During the interval between his "Profession" and the admission of the Brothers, Ini had not wasted his time. He had been making a tour of the district where he hoped to begin work, the hilly interior of Guadalcanar, and had promises of a friendly reception from several of the Heathen Chiefs. His work in the Police had lain amongst these people, and as he had a very good name for fairness and honourable dealing he was known and liked by chiefs and people alike.

Accordingly, when the Brothers came on board the ship, early on Whitmonday, with all their worldly [116/117] possessions on their backs, it was with high hopes that they set out on their first adventure.

It was just before sun-set when we anchored. A boat was let down, and the Brothers, one of our Priests and myself were rowed ashore to the place where the Brothers were to sleep before starting into the hills the next morning.

There was no time to spare if we were to be back on board and off again to our next place of call; so we said a few prayers, sung a hymn, and the Brothers knelt for a final blessing. Then we hurried back to the boat, the Brothers gave a cheer, we in the boat responded, and we returned to the ship, watching their figures grow dim in the fast advancing twilight.

There was nothing more we could do for them, except pray and hope for a good report when next we met.

For them, there was a night's rest in the nearby village, then the long tramp into the hills, into a strange country, doubly strange for some of them, who had never been out of sight of the sea in their lives, among strange people, speaking a strange language. Then--disappointment!

All their high hopes, and all those fine promises came to nothing. Chief after chief "they all began, with one consent, to make excuse." The first had "changed his mind." The second was willing, but his people were afraid of the anger of their god, and the chief dared not disregard their fears. At a third place, the same refusal; but here they had a message that, for the moment, cheered them up. The Chief was going to make a final sacrifice to his god, and, after that, would receive them.

But here again they were disappointed. When the time came the people were afraid, and appealed to the District Officer to forbid the Brothers to come into their village.

The Officer told Ini that he could not risk an outbreak, and though they were much amused at the [117/118] thought of the people invoking the help of an alien, and generally much disliked Government, to protect their gods against a Rival, it was a bitter disappointment.

After yet another attempt at yet another village, with the same result. Ini left the rest of the party at their headquarters and started off to visit the nearest Priest and talk things over with him. From there he made several expeditions and found a district where the people seemed really friendly. Some six or seven villages offered him and the Brothers a welcome, and Ini promised to come to them if he got the Bishop's consent.

Ini then rejoined the rest, and made his report. He found that they had made another attempt at the first village they had all visited, but all the inhabitants had deserted the place as soon as they heard that the Brothers were in the neighbourhood.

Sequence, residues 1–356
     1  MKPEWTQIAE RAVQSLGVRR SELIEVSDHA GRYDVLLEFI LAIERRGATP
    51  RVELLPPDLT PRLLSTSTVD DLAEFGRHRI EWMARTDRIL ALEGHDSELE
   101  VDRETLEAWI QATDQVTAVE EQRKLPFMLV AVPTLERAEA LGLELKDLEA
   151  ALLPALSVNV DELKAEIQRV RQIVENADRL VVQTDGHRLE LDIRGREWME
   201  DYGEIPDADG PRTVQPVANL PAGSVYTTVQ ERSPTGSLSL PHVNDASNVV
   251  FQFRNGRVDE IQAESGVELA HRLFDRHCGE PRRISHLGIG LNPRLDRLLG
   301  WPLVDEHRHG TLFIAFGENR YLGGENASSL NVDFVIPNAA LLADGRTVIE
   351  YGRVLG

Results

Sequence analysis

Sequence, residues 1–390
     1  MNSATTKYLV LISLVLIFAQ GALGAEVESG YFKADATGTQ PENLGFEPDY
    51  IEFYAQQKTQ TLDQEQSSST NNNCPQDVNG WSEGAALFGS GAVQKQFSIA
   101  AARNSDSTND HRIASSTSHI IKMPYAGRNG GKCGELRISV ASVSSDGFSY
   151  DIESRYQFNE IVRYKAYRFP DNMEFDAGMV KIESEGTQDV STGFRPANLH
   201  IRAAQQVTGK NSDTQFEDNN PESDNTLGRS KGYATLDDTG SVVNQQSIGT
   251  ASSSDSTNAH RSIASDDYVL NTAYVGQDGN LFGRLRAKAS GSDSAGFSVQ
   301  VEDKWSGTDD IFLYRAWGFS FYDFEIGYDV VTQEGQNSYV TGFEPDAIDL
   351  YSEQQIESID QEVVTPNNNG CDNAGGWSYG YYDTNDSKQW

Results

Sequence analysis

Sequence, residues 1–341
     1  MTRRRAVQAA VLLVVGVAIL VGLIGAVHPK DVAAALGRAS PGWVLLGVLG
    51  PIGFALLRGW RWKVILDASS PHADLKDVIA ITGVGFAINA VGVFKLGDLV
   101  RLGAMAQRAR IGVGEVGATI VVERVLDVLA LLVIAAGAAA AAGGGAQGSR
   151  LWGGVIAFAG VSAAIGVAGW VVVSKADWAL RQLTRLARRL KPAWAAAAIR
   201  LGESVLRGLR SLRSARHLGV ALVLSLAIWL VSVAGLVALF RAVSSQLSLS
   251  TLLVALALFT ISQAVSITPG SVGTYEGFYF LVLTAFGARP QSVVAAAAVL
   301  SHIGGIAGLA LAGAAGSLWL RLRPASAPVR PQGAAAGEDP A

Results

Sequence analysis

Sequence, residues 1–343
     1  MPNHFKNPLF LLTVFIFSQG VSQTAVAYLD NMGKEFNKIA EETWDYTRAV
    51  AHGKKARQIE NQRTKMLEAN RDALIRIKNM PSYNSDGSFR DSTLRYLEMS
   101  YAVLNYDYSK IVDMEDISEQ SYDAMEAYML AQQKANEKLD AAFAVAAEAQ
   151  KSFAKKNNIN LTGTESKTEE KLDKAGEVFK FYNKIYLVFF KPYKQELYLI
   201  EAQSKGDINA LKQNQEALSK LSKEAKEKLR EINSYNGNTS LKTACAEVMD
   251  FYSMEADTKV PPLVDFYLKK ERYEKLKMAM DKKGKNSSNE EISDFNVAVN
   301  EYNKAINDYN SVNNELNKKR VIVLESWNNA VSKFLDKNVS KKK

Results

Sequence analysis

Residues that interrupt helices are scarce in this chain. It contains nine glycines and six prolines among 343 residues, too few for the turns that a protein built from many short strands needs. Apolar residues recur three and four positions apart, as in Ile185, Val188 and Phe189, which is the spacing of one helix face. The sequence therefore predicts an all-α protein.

It was now close on SS. Simon and Jude's Day, and the Brothers all went to the school at Vera-na-aso, where the Bishop had promised to meet them for their first Chapter.

I was not able to get to Vera-na-aso by the appointed date, but the first Chapter of the Brothers was duly held on All Saints' Day, and it was quickly decided to give up the attempt on the district we had tried first, and to make a fresh start where a welcome had been promised, in the neighbourhood of Aola, about the centre of Guadalcanar.

Here they were at once successful. The people were glad to have them, they listened to them and followed their teaching, and, before long, they were further encouraged by a message from Marau Sound, at the extreme end of the Island.

This is a large land-locked harbour, containing several islands of fair size, some of which are inhabited while others form fishing-quarters for the inhabitants of the coast.

The people are mainly colonists from Mala, which, [118/119] at this point, lies not very far off. It was at Marau Sound that Bishop Patteson first got into touch with the people on Guadalcanar, and though the Mission had no station there and no dealings with the people since that time the tradition of his visit lingered among some of the older people, so that this new venture formed an interesting link with the very first days of the Mission in the seventies.

Ini and another Brother took up their residence at Marau Sound, and their work met with considerable success: so much so that they were able, before very long, to make way for a permanent teacher from South Mala, who came there with his family.

The 1927 Chapter was held at All Hallows' School, Pawa, the Mission's Senior School in the Solomons, where boys from the preparatory schools are trained as teachers, and it proved to be a very suitable place for holding the Chapter, as the Brothers had many opportunities of interesting the boys in their work and secured several future recruits among them.